Archives for the Month of January, 2006

MSH Logo – our design strategy

As I mentioned last time, this series of articles will introduce you to some of the features of Monad’s hosting model.  Before we get into the details of hosting Monad, though, we need to first lay out our conceptual framework.

Our application is a simple WinForms control.  It displays a small triangle (of Logo fame,) and users control movement of the turtle through a small set of commands.  The turtle supports the following:

  • Pen Up
  • Pen Down
  • Forward [steps]
  • Backward [steps]
  • Left [degrees]
  • Right [degrees]
  • Hide
  • Show
  • Some facility for looping
  • Some facility for functions / routines

We will model this set of commands as closely as we can, giving the Turtle class responsibility for everything but looping and routines.

Also, the turtle leaves a trace on the screen whenever it moves while the pen is down.  The .Net Framework already gives us a class to handle the responsibility of being a canvas – via the Graphics class. 

That leaves a question – how should we handle interaction between the turtle and the screen? How will we draw the actual lines?  To solve that, we’ll provide the Turtle with a reference to the Graphics class.  As the turtle moves, it will also be in charge of leaving a trail of ink.

Another option would be to place drawing responsibility with a controller class.  Before every command, it could determine the turtle’s position.  After every command, it could again determine the turtle’s position.  If the turtle’s pen is down, it could draw a line between the two.  However, that approach sounds like a case of Feature Envy.  The controller spends nearly all of its time muddling with properties of the turtle class.  In that case, the turtle should just do the work itself.

So, that’s our general approach.  We’ve designed a sturdy object model, and are ready to go implement it.  We’ll continue next time by integrating it into a GUI.

[Edit: Monad has now been renamed to Windows PowerShell. This script or discussion may require slight adjustments before it applies directly to newer builds.]

Would you like to contribute to "Monad Hacks"?

Do you have an awesome little script that you want to share with the world?  A Monad administration technique so slick that you want everyone to know about it?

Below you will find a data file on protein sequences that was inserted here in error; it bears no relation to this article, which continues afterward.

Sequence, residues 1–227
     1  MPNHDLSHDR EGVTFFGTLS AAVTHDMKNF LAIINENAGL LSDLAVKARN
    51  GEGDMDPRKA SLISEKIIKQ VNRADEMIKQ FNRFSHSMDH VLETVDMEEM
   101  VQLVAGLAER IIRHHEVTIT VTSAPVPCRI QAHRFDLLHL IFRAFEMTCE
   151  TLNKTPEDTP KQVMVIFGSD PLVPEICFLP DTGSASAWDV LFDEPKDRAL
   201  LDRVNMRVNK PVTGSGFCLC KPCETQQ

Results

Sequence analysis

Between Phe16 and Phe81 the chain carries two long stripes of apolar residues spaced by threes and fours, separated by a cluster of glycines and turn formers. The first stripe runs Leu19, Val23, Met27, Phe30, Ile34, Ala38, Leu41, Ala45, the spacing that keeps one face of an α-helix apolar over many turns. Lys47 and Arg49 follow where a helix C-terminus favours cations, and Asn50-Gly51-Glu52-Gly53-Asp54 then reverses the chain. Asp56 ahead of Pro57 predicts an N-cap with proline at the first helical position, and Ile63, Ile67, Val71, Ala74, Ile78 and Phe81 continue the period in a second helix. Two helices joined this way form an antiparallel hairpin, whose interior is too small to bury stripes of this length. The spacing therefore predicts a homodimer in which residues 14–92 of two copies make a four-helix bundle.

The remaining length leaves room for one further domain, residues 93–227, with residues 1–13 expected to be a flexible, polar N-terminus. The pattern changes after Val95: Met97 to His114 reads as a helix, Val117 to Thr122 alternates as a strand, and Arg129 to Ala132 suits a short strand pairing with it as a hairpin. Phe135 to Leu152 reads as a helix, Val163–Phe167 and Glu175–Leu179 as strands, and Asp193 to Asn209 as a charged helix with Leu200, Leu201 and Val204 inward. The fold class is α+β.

Here's a great chance - the opportunity to include your work in a forthcoming O'Reilly "Monad Hacks" book.

As you might know, one of the great hallmarks of this series is that it includes contributions from enthusiasts worldwide.  I'm continually amazed at the techniques that you all come up with.  It will be great for those techniques to help jump-start the learning process of countless future administrators and power users.

What counts as a hack?

A hack is a "non-obvious solution to an interesting problem."  Do you have some script or technique that solves an interesting administration or scripting task?  Does it involve more than just a straight-forward chunk of code?  If so, then you probably have a hack on your hands.  Keeping your hack concise is a good goal - but concise to the point of obfuscation is not.

Contribute your hack

If you have something that you'd like to contribute, please send an email to monad_hacks@leeholmes.com.  There's no need to send the code just yet, but a description and example would be great.  If your hack fits within the focus and scope of the book, then you could be well on your way to getting your name in print.

[Edit: Monad has now been renamed to Windows PowerShell. This script or discussion may require slight adjustments before it applies directly to newer builds.]

Awesome AJAX web-based telnet application

A while back, I wrote the article, “A Web-enabled, Monad front end: Monad hosting.”  It was in reference to WebCmd, a neat little Javascript application that emulates an interactive terminal.

I also talked about the fact that it wasn’t really an interactive terminal. 

This falls quite short of the infrastructure required to support an interactive program such as VI. Let alone Emacs 🙂  There's no support for cursor positioning, keyboard polling, and much more. For the Unix world, take a gander at the feature set of the VT100 Terminal Emulation Requirements. For the Windows world, look at the Win32 Console API. To make a fully interactive web-enabled front-end, you would need to implement the equivalent of cmd.exe in Javascript. The performance would be atrocious. So in the end, it's attainable -- but at a very large cost. Once you're done writing that much Javascript, you're likely to start rocking back and forth, whilst arguing with yourself.

Fast forward to today, where the Mike Bergsma leaves the following sleeper comment:

Did it. VT200 emulation. Pure AJAX. SSL It was difficult to say the least. It launches with a CGI script, or it is downloadable.

It’s a comment of understated magnificence.  One in the same vein as Fermat’s famous, "I have a truly marvelous proof of this proposition which this margin is too narrow to contain."

Mike has implemented a web-based telnet application, including support for VT200 terminal emulation.  Mike provides a guest account on his server to test with.  I was able to log in, navigate around the system, get colorful directory listings, use hotkey shortcuts, and even execute heavyweight applications such as VI and Emacs.

Truly amazing – check it out: http://www.koikids.com/!

[Edit: This seems to have moved here: http://www.koikids.com/dashboard.htm ]

 

[Edit: Monad has now been renamed to Windows PowerShell. This script or discussion may require slight adjustments before it applies directly to newer builds.]

How do I easily load assemblies, when LoadWithPartialName has been deprecated?

There are some very useful parts of the .Net framework (ie: System.Web and System.Windows.Forms) that Monad doesn’t load into its AppDomain by default.  In order to use them, you first load them with one of the Load() methods from the System.Reflection.Assembly class.